Average Healing Times for Common Sports Injuries

man touching injured knee in brace
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Healing from sports injuries takes time. To reduce your time on the sidelines, get immediate first aid treatment for any injury. This will reduce your healing time and improve your total recovery. After the initial inflammation and swelling is controlled, healing begins.

Although healing times vary from person to person, athletes tend to have a better blood supply and heal faster than those with chronic illness, smokers, or those with sedentary lifestyles. A good blood supply speeds healing by moving nutrients, oxygen, and infection-fighting cells to the damaged area.

Keep in mind that you can not force yourself to heal—you can only allow yourself to heal. Rest, sleep, appropriately-modified activities and good nutrition are important for healing. Physical therapy may also be needed to heal from some injuries.

Average Healing Times

For someone in reasonable shape, without any chronic illness, the following list provides an estimate of the time it may take to recover from some common sports injuries.

Fractures/Broken Bones

  • Simple Fractures: A fractured bone generally takes at least six weeks to heal. The time any fracture takes to heal depends on the type of fracture and where it's located.
  • Fractured Finger or Toe: These fractures typically heal in three to five weeks.
  • Fractured Clavicle (collarbone): This may take five to ten weeks to heal.

Sprains and Strains

  • Sprained Ankle: Minor ankles sprains will heal in five days, while a more severe sprain can take from three to six weeks to heal.
  • Calf Strain, Pull, or Tear: A minor (grade 1) calf strain may heal in two weeks, while a severe (grade 3) strain may require up to three months or more to heal completely.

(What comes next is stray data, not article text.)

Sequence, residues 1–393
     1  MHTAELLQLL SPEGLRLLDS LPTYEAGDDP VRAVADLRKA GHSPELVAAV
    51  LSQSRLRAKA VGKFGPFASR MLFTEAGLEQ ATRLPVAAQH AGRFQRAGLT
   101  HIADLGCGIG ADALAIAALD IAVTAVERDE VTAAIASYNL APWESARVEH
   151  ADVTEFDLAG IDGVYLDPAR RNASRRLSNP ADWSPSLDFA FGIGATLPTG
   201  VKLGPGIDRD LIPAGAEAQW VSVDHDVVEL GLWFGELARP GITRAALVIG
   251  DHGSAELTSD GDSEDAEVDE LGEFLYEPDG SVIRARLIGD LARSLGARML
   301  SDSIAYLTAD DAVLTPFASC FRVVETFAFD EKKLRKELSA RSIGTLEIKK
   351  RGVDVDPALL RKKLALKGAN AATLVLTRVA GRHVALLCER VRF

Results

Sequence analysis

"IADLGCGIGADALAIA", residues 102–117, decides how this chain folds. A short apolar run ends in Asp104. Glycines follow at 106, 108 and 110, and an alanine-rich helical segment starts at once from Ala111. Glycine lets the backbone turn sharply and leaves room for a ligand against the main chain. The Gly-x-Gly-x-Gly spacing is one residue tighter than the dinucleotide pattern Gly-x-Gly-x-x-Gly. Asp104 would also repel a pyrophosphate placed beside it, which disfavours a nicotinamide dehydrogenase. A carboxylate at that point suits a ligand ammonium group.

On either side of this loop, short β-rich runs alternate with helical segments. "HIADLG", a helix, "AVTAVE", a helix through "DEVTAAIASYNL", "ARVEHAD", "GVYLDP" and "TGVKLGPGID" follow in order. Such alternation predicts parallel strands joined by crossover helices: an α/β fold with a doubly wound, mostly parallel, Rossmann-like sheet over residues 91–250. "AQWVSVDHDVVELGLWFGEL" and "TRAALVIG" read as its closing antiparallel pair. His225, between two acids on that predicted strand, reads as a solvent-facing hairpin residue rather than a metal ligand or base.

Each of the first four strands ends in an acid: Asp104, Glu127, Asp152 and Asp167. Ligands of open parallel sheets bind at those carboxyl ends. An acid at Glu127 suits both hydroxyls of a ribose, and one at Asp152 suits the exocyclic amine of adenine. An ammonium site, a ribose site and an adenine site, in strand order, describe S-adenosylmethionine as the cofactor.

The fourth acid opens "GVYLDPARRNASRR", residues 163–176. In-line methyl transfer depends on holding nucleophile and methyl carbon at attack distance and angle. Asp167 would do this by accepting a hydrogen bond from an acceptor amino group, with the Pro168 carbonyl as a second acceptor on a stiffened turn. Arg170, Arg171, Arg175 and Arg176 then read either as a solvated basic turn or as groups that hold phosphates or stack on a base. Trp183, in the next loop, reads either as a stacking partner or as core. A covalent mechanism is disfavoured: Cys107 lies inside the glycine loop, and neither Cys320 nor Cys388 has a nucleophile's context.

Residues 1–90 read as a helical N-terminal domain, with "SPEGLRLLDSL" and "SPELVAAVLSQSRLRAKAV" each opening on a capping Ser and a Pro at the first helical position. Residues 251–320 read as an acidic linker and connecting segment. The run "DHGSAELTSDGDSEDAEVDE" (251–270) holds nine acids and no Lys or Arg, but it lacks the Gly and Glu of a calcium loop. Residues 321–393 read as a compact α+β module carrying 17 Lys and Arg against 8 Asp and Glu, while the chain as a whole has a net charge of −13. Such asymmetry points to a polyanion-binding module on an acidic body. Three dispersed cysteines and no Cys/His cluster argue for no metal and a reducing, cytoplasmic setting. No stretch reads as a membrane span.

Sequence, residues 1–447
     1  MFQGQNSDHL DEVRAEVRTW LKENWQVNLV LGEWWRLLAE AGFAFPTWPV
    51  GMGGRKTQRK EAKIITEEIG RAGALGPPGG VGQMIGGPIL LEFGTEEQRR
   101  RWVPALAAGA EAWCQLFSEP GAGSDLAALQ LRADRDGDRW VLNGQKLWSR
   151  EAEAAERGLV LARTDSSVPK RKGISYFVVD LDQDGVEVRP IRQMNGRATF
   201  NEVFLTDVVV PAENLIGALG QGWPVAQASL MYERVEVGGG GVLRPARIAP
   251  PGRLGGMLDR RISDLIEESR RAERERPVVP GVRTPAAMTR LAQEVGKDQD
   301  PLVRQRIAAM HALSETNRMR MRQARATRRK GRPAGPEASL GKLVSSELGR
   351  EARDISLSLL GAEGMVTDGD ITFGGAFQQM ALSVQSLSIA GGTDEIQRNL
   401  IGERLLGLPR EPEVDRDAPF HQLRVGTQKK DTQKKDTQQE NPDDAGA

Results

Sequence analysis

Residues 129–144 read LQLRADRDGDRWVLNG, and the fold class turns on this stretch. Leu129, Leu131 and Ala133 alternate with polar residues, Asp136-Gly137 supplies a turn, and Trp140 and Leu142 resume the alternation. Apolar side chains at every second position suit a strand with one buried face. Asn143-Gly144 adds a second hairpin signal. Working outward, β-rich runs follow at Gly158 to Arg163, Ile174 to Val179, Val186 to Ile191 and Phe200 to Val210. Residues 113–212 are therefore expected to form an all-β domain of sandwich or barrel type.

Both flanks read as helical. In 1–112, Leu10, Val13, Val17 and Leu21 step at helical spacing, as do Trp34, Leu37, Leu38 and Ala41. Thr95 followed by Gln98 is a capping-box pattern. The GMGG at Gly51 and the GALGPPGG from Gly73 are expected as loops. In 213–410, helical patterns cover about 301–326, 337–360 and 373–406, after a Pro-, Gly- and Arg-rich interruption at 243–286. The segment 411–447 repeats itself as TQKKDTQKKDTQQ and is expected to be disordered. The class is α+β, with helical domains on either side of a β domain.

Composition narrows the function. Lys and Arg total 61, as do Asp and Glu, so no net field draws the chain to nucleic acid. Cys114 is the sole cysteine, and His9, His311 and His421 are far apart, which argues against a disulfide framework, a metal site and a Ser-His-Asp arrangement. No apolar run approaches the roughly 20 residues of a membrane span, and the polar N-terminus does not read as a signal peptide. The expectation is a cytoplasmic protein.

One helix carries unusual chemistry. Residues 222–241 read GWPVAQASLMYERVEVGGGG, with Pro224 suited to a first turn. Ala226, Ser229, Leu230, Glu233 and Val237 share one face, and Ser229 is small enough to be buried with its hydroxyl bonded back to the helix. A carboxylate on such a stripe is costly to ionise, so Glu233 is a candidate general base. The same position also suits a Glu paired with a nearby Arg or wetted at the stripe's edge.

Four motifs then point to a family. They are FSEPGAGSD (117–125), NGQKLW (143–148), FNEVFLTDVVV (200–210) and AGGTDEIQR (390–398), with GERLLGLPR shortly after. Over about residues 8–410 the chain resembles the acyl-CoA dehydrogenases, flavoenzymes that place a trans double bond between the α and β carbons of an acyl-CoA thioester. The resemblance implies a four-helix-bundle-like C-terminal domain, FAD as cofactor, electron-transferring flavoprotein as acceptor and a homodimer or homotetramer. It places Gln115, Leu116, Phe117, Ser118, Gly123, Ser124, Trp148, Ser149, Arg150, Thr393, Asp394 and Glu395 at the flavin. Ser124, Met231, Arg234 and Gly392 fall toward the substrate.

Other Sports Injuries

  • Cuts, Abrasions, and Lacerations: Cuts and abrasions take anywhere from a week to a month to heal, depending upon the depth and location of the injury and how it's treated. You will have a longer healing period for a deep cut, especially if it requires stitches.
  • Mild Contusion or Bruise: This often occurs from a hard blow or even a mild bump to the skin in which blood vessels are broken. A black and blue or purple patch often appears on the skin when blood leaks into the top layers of skin. Contusions generally heal in about five days.
  • Mild Shoulder Separation: Give yourself about two weeks to return to activity after a shoulder separation.
  • Achilles Tendon Rupture: After that dreaded "pop" you will probably face surgery for Achilles tendon repair. This will take from four to six months to heal. It is a serious injury.
  • ACL Repair: A complete ACL repair surgery will result in months of healing and rehabilitation. You will advance to walking with crutches and then no crutches, often by week 3. But it takes about five months to completely heal.

    The amount of time needed for full recovery after an injury depends on a variety of factors, but it's helpful to be patient and learn to cope with an injury while you allow your body to heal.

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    Article Sources
    • Return To Play Criteria; The American Orthopaedic Society for Sports Medicine. 2003
    • Return to Sports Guidelines, Dept. of Rehabilitation Services, Functional Progression Following Stress Injury Protocol, Brigham and Women's Hospital, 2007